WASHINGTON – Arizona nonprofits are working “nonstop” to register voters before opponents can overturn a federal judge’s ruling that extended the state’s voter registration deadline from Monday to Oct. 23.
U.S. District Judge Steven Logan agreed with voter advocacy groups that COVID-19 restrictions imposed by the state earlier this year may have cost “possibly tens of thousands of voter registrations” and that the best way to fix that was by extending the deadline.
Arizona Secretary of State Katie Hobbs, who had originally tried to block the suit, said late Monday that she would not appeal Logan’s ruling. But national Republican groups that had joined the case said through a spokeswoman Tuesday that “we respectfully disagree” with the ruling and would be “moving expeditiously to appeal.”
Voting rights groups that won the extension were wasting no time Tuesday registering voters – one day after the original deadline would have passed.
“It (the deadline extension) is critical. Every vote counts,” said David Adame, president and CEO of Chicanos Por La Causa.
The complaint was filed last Wednesday against Hobbs by Mi Familia Vota and Arizona Coalition for Change, citing the “difficulties and barriers” that COVID-19 restrictions had on their efforts to register voters for the November elections.
“As community organizations, our mission is to make sure our communities’ voices are heard at the ballot box,” said Yara Marin, Arizona political director Mi Familia Vota. “But, we saw so many different barriers when it came to voter registration, educating voters, and having those real life conversations with our community.”
COVID-19 restrictions affected the groups’ ability to do in-person canvassing, Adame said, and alternative strategies to reach people were not as effective.
“Doing that grassroots door-to-door, there is no substitute for that,” he said.
The number of people registered by groups fell “from about 1,523 voters a week … to 282 a week” once COVID-19 restrictions took effect, Logan’s ruling said. They also claimed that, with a three-week extension of the registration deadline, “around 65,120 voters would be able to register,” the order said.
The original deadline imposed an “unacceptable burden on citizens in Arizona who have not yet registered to vote,” said Ronald Fein, an attorney for the plaintiffs.
Hobbs argued against an extension, noting that the plaintiffs had months to file but waited until just days before the deadline to go to court. Extending the deadline would force election officials to “simultaneously process voter registrations and early ballots,” putting a significant burden on officials, confusing voters and eroding “public confidence in the integrity of Arizona’s election processes,” her filing said.
In their brief, the Republican National Committee and the National Republican Senatorial Committee said an extension is not needed at a time when “it has never been easier to register to vote in the state of Arizona.” Deadlines allow for the smooth operation of elections and should not be “swept aside when convenient,” their filing said.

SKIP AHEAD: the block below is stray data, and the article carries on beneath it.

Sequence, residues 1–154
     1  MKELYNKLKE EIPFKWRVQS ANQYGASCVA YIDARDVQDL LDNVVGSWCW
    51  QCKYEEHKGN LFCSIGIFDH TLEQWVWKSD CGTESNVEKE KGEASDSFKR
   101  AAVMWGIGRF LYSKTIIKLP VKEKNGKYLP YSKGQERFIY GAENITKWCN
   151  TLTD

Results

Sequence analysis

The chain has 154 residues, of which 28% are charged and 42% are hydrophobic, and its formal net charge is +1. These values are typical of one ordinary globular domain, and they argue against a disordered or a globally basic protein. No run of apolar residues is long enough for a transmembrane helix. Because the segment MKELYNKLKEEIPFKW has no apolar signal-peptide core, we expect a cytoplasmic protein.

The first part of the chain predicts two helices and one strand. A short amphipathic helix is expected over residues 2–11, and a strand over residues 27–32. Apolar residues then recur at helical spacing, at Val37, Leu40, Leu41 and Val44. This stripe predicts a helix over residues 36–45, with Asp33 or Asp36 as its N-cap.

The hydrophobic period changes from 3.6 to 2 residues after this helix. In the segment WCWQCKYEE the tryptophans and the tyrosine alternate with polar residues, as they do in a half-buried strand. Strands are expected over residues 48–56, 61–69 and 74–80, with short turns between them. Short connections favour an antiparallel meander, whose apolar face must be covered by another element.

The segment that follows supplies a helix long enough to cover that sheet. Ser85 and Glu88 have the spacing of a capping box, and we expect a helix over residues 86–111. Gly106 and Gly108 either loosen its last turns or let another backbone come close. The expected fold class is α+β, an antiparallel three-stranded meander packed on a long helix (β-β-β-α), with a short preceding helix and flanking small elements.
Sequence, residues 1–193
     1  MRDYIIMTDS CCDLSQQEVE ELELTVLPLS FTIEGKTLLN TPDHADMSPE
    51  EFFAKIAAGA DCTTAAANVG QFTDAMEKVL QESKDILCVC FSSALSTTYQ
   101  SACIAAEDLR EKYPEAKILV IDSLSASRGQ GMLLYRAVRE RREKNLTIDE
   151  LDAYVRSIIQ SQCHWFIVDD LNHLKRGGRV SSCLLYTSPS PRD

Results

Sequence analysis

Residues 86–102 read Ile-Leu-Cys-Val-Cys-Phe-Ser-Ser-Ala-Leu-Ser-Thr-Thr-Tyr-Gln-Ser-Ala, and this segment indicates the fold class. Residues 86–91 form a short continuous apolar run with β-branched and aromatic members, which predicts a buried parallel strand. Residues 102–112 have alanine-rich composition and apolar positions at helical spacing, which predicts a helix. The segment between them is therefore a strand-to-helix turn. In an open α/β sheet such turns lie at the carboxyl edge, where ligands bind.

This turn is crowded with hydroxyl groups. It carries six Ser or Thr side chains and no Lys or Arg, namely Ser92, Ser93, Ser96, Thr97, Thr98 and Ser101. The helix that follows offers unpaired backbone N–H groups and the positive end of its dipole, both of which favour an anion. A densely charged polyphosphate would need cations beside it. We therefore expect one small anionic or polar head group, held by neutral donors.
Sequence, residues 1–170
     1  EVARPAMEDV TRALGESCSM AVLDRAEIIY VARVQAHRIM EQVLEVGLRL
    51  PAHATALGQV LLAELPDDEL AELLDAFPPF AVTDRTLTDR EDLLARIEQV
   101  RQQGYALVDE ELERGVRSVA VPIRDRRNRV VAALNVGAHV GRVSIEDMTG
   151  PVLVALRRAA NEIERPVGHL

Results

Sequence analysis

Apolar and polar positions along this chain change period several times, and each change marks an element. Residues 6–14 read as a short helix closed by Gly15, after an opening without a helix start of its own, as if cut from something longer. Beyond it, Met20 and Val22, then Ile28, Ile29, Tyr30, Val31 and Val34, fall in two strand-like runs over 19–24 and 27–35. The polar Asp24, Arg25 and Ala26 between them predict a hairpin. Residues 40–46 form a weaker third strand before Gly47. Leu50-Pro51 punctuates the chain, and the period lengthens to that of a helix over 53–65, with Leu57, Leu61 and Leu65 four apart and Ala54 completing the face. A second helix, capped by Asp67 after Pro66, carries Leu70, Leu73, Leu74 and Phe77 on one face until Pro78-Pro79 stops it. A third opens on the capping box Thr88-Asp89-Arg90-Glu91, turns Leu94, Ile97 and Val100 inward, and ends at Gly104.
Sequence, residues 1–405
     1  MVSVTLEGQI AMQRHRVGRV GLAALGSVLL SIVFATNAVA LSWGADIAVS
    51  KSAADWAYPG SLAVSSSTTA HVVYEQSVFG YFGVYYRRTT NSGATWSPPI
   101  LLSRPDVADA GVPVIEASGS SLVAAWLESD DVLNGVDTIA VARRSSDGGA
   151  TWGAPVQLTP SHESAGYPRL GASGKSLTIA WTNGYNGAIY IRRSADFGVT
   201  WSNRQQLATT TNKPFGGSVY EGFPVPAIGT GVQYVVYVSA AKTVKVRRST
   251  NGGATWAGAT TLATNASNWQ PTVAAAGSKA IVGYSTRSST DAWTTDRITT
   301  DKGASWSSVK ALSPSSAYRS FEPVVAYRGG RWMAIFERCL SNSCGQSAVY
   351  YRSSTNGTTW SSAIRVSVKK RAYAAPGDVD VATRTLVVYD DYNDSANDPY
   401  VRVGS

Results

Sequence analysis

“They are vital and interdependent components of an electoral infrastructure designed to ensure the integrity of the voter rolls and the reliability of election results,” the GOP brief said.
Logan agreed that registration “has never been easier for some, though others are not so fortunate,” noting that many people in Arizona do not have access to the Internet, for example.
“Ballot access is an extremely important right and it has been restricted during this unprecedented time,” wrote Logan, who said the burden an extension would place on election officials was outweighed by the potential damage of someone being denied the vote.
Besides declining to appeal, Hobbs in a tweet urged Arizonans to “update or register as soon as possible, as a further court ruling remains possible.”
State Rep. Reginald Bolding, D-Phoenix, said the court’s decision will help more individuals “participate in democracy.”
“We didn’t want to change the entire electoral system, that wasn’t our goal,” said Bolding, who is also co-executive director for Arizona Coalition for Change. “Our goal was simple. It was to make sure that those individuals who faced difficulties during COVID-19 still had an opportunity to participate in the November 2020 election.”
Canvassers will be back out this week engaging with potential voters, but with precautions against COVID-19 transmission. Those include maintaining a social distance, wearing face shields and masks, allowing one-time use of pens and making hand sanitizer readily available.
“We recognize that the safety and health of all our colleagues and community is our No.1 priority, so we are taking steps to ensure that we are abiding by all guidelines,” Marin said.
Bolding was careful to say the deadline extension is not partisan, but is an opportunity for voters to take part in “one of the most important elections in our lifetime,” regardless of party affiliation.
“If you are a Republican, if you’re a Democrat, if you’re an Independent, if you’re a no-party-affiliation, you still have the ability to register up until Oct. 23,” Bolding said. “Our hope is that all Arizonans who are eligible to register to vote do and that they exercise their right to vote at a ballot box this November.”